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EMS Story at EMS Flight Safety Network

When I first started flying

I was a real looker.

Not the physically attractive kind, the pseudo-stalker “watch you closely” kind.

Why?

Because I wanted to know.

I wanted to know everything there was to know about EMS and air medical. Everything that needed to happen for my career to blossom. Everything successful EMSers did before me.

The logic is simple.

Watch successful EMSers, air medical pilots and managers and then do what they do.

A simple plan, but a good one. The problem is I didn’t understand what I was watching until years later.

So what did I learn? What did being a looker teach me?

EMS Managers Tell Stories

That’s it. That’s what I learned.

When I watched closely, that’s what I saw. Over. And over. And over…

Air medical managers would “appear” from corporate headquarters and tell one story after another.

Sadly, I was disappointed.

Why?

Because back then I didn’t get it.

When I watched air medical managers go on and on about flying, I thought their flying stories were about them. I was young and egotistical and figured since my flying stories were about me, it only made sense for manager stories to be about them. What else could they be about, right?

Wrong.

What I learned was their stories had a purpose. An important purpose I didn’t understand until years later.

Let me explain (with a story).

Here’s a snippet from the newsletter of Gary Halbert, perhaps the greatest copywriter who ever lived:

A few days ago, after finishing my workout, I went to a small diner and ate three steak sandwiches. After that, I was overcome with the desire to hurt somebody. I mean bloody their nose, blacken their eyes and kick them in the balls.

You ever have that happen to you? You ever became enraged for no reason whatsoever? I decided it would be a good idea to pound on the young musclehead a few feet away from me in the diner. Then, it hit me. I suddenly realized that if I went after him, the bastard would probably fight back!

I hate that part. When they fight back. I’d truly kick a lot of ass if I could find a steady supply of people who wouldn’t fight back.

Oh well. My mood instantly evaporated. I gave the musclehead a friendly greeting, tipped the waitress and left the restaurant with no broken bones or bruises.

What was that all about? I really don’t know. I haven’t a clue why that sudden rage overcame me.

Plus, I don‘t have a clue why I’m writing about it.

Hilarious, right?

And here’s the shocker:

The story wasn’t for muscleheads or martial arts enthusiasts. It was written for executives and CEOs who subscribed to Gary’s marketing newsletter.

And yet he’s talking about wanting to pick a fight with random strangers!

There’s no moral to the story. No hidden teaching point.

The story doesn’t tie back to leadership principles or productivity or some point you would expect in a marketing newsletter.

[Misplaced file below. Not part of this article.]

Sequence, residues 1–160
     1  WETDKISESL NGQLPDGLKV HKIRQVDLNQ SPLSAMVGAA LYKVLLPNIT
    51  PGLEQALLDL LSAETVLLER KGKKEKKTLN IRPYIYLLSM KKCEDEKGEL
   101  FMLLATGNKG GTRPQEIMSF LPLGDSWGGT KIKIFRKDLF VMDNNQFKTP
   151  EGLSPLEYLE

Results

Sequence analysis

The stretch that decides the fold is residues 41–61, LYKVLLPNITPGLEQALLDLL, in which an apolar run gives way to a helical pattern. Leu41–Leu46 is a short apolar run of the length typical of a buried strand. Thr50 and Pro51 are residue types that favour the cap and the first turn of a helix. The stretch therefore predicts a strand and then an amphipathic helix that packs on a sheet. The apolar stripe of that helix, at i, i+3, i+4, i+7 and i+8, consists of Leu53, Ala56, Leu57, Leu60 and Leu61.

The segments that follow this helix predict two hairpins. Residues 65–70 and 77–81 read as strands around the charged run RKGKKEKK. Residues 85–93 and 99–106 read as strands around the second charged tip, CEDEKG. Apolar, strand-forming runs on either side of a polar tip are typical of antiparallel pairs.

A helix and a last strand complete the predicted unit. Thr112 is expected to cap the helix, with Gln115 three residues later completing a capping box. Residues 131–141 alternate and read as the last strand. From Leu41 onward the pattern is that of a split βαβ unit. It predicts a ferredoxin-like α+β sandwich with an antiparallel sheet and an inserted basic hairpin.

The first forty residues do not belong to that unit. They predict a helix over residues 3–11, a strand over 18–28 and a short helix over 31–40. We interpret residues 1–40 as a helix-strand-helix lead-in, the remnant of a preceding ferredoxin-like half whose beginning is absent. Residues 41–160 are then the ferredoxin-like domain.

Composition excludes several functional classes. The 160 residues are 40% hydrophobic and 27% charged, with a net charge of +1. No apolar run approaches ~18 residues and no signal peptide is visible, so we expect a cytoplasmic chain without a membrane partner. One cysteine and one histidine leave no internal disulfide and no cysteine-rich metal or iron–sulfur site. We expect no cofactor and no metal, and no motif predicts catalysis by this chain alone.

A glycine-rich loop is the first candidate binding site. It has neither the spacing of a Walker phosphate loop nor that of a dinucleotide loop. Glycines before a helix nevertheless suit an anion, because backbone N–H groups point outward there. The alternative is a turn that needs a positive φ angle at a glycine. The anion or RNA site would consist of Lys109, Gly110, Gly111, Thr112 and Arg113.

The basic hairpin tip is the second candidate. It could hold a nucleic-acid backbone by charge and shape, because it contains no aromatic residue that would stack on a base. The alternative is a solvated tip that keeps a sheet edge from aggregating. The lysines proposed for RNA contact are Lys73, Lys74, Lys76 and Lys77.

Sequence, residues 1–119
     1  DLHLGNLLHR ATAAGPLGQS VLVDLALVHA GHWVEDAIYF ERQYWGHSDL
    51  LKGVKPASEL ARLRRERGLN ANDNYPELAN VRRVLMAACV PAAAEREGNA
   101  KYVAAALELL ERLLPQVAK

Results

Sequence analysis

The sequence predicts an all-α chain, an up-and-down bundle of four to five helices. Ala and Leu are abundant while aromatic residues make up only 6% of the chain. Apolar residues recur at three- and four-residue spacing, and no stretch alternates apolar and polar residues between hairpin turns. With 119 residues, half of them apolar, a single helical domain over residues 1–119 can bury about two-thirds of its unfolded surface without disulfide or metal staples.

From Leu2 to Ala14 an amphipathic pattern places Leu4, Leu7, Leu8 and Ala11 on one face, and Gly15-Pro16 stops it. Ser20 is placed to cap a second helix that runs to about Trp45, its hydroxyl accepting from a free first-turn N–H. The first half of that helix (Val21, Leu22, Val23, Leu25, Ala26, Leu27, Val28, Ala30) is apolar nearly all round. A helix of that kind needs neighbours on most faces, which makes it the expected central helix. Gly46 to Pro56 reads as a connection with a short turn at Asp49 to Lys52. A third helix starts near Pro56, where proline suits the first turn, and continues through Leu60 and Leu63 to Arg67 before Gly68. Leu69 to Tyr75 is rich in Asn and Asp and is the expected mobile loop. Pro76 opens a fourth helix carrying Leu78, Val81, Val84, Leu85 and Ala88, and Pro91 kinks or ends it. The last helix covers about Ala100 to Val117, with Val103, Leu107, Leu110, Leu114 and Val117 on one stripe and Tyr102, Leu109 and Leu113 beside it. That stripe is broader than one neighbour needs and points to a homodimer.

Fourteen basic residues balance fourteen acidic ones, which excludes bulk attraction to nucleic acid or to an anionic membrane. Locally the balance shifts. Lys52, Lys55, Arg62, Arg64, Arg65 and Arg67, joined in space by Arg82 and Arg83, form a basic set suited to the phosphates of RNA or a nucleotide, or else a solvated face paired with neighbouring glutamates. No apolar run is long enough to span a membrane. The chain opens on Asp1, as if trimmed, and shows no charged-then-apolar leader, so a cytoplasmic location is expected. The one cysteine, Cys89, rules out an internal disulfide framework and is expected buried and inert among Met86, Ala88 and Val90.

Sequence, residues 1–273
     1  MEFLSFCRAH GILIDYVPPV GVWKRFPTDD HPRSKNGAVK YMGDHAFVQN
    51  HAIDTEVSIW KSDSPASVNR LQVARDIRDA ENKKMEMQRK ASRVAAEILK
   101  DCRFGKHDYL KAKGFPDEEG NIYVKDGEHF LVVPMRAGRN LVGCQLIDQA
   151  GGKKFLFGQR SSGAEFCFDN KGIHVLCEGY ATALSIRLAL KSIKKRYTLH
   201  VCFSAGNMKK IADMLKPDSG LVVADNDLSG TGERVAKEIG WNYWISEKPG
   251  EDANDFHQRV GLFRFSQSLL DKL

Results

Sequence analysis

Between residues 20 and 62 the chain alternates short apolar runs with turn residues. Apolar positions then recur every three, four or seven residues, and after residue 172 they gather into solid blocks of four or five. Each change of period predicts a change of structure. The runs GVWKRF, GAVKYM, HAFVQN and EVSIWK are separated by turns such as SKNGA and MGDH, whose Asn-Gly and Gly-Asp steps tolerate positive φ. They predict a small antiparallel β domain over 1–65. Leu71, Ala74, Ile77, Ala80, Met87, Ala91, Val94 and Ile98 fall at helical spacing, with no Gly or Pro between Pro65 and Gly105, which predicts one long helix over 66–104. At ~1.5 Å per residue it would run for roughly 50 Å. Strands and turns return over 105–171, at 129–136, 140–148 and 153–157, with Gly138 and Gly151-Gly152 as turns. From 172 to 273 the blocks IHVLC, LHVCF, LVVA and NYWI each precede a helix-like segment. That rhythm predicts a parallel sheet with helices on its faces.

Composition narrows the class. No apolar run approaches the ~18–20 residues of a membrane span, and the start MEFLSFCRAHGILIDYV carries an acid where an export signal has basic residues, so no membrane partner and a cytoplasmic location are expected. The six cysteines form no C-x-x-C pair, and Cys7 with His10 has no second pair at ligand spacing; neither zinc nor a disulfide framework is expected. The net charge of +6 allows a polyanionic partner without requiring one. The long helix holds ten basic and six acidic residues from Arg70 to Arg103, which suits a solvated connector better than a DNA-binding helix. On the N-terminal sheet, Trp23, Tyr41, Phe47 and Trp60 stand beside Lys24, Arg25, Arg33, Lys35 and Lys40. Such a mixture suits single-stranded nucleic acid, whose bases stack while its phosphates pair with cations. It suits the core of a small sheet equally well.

But here’s the thing:

Most business executives are men. And most men with a decent supply of testosterone will relate to the occasional, random desire to jump up and start a fight for no reason. Fortunately, they change their minds, just like Gary did, but those feelings of anger and impotence don’t go away. Worse, most men don’t have the verbal skill or courage to talk about how they feel.

So, what happens when Gary tells a story describing exactly how they feel, putting it into words better than they ever could?

He makes them feel understood.

Down deep, I think the strongest desire all groups have is to find someone who deeply and truly understands their worldview and who can communicate better than they can. Doesn’t matter if they are flight nurses, firefighters or stay-at-home moms. If you can communicate the things they feel but cannot express, you own them. Forever.

And that’s what all the flying stories were about.

That’s the part I didn’t understand until now. EMS and air medical managers don’t tell stories for their own benefit. They tell stories to bond with other nurses, paramedics and pilots. They tell stories to build trust.

So what’s the point?

The point is you can do it too.

What have you experienced that your local EMS Flight Safety Network team has also experienced but cannot put into words?

Make a list of those stories. Make a point of telling them whenever you need to create a bond with local EMS, fire or air medical.

You already know the bond ties directly to your personal safety. The stronger the bond, the safer you’ll be.

That’s a great reason to tell stories!

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Troy Shaffer
Troy Shaffer

About the Author: Troy is an Air Medical Career Expert passionate about a team approach to improving air medical safety from the ground up. Troy is a former Army medic, Army pilot, Coast Guard pilot and EMS pilot. Troy has taught hundreds of wannabe flight medics, flight nurses and EMS pilots the exact steps needed to launch air medical careers.

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